NOTE: The question has two parts to it. The FIRST part asks "How to COPY-PASTE FILES". THIS is an answer to that part of the question. (The SECOND part asks how to copy/paste TEXT; e.g. a clipboard operation. This answer is NOT about that.)
Also see these other answers relevant to copy/paste files, in specific situations:
For ESM-compatible VMs
For initial setup before starting your VM
Files can be copy/pasted between a MAC and a PC, or a LINUX box and a PC, and the same technique can be used between a virtual machine (even using "Version 1", to run older Windows, in my case Windows 7) and its host PC.
How? Network sharing aka "Share a folder over a network".
KEY POINT: Once you have set up a shared folder, you can then do regular file-copying in a Windows Explorer view on the host PC, even if the source is on host and the destination is on VM, or vice-versa. That is, Network sharing is not just about making a set of network files visible on the VM, it also makes it easy for you to later move individual files, or complete folders, between two different computers (here, the VM is one of the computers), as if they were on a single computer.
- Hyper-V Manager - Virtual Switch Manager.
- Create Virtual Switch / External
- Hyper-V / Your VM / Settings
- Network Adapter / Virtual Switch = the External Virtual Switch from above
- Boot your VM, login with an Administrator account.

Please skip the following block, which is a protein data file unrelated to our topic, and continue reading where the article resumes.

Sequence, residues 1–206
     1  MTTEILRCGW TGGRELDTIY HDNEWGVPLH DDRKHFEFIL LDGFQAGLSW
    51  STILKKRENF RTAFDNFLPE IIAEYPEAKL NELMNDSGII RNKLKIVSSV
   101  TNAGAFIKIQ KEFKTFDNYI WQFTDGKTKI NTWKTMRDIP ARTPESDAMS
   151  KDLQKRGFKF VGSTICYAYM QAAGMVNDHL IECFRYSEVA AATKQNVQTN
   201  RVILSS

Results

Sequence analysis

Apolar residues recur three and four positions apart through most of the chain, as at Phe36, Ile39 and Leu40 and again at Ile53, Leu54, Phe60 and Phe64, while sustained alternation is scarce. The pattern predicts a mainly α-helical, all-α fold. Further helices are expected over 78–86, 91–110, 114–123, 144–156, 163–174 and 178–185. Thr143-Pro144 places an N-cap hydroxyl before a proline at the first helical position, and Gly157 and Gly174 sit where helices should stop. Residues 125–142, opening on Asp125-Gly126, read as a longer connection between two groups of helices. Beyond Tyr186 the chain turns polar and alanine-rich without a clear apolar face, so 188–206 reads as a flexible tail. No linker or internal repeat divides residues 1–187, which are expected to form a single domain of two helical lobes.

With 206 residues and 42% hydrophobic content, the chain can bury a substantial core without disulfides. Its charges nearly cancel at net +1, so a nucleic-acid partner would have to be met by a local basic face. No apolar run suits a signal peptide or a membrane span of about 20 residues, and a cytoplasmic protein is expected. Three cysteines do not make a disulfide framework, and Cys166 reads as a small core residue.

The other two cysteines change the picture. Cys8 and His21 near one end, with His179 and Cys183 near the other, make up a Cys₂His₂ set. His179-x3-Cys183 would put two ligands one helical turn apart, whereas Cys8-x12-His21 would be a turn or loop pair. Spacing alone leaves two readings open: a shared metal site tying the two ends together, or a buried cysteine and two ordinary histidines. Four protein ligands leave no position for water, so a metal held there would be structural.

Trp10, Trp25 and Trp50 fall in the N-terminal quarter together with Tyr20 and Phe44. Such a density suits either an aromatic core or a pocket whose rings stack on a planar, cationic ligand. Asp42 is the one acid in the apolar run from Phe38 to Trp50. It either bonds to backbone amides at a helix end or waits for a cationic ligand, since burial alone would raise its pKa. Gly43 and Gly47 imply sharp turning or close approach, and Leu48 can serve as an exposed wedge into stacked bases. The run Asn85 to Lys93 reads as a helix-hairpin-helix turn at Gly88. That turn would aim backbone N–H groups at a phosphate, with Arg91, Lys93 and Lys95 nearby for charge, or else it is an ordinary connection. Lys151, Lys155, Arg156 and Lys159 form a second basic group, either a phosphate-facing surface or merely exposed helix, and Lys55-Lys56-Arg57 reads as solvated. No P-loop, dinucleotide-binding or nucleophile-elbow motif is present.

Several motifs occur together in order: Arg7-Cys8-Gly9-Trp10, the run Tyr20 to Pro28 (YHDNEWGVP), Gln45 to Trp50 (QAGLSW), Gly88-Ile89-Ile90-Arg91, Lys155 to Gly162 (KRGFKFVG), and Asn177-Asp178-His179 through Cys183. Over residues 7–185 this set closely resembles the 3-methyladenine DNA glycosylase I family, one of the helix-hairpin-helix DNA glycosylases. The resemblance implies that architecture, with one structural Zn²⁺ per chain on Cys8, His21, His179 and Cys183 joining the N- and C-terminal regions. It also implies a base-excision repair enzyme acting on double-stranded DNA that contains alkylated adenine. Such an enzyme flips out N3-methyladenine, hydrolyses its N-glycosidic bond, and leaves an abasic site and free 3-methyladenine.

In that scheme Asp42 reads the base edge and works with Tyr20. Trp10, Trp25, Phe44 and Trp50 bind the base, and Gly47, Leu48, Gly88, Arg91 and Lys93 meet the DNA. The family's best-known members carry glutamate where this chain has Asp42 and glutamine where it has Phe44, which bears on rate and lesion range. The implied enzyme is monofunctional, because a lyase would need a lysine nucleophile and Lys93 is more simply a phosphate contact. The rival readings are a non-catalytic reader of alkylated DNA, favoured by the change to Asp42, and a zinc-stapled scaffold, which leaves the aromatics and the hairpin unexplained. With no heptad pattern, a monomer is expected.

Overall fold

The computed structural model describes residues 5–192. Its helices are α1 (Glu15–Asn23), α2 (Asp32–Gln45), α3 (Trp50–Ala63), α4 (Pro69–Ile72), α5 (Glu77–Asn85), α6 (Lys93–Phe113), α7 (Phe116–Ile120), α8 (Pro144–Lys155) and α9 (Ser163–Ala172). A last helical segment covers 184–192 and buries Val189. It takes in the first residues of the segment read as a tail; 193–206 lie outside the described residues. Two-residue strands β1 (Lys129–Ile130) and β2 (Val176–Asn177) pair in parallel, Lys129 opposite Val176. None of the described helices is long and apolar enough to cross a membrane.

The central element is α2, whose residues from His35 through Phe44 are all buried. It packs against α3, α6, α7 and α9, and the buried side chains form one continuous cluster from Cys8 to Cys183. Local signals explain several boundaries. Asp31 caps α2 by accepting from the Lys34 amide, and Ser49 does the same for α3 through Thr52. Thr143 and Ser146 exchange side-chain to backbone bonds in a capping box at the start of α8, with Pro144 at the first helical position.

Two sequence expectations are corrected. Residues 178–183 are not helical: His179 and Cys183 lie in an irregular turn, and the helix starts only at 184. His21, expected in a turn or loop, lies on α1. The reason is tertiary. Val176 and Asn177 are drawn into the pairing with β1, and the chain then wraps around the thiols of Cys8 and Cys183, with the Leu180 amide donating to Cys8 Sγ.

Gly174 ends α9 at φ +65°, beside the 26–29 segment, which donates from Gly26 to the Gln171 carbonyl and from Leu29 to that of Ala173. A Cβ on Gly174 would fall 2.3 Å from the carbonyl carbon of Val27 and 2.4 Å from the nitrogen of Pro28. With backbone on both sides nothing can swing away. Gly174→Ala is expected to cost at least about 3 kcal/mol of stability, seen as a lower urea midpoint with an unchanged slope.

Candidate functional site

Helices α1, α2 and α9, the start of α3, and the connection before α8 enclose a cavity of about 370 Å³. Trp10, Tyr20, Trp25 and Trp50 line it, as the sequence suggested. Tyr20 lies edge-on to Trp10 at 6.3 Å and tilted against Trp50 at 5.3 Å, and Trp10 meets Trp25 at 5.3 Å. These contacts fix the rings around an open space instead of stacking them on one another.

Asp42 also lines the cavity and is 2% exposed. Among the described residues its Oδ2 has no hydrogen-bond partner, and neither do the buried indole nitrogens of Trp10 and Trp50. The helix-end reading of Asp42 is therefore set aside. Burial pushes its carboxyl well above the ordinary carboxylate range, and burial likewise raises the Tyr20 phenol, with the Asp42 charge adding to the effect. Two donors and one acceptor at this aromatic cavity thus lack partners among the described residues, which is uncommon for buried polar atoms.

- Do what you normally do to "Share a folder over the network". (See documentation for the OS you are running on the VM.) In my case, I shared my username/Documents folder. specify read/write privilege, if you want to copy files both to and from that folder
- Host machine / Windows Explorer / Network / your VM should appear with that shared folder.
- Select your VM (its "Network" representation), and LOGIN with your VM's administrator account.
- Copy / Paste files in this Explorer window on your host.
NOTE: I only tested with my user account / Documents folder, so I do not know whether there are limitations on what can be shared. I assume it works exactly the same as any other network sharing from the virtual OS, so it shouldn't matter that it is virtual. It is just another machine on your network, running that OS.
I also did not test with a Linux VM, however I did test with Windows 7, running "Version 1" VM - that works, so any OS that can be run under Hyper-V, and that supports network sharing with Windows, should work.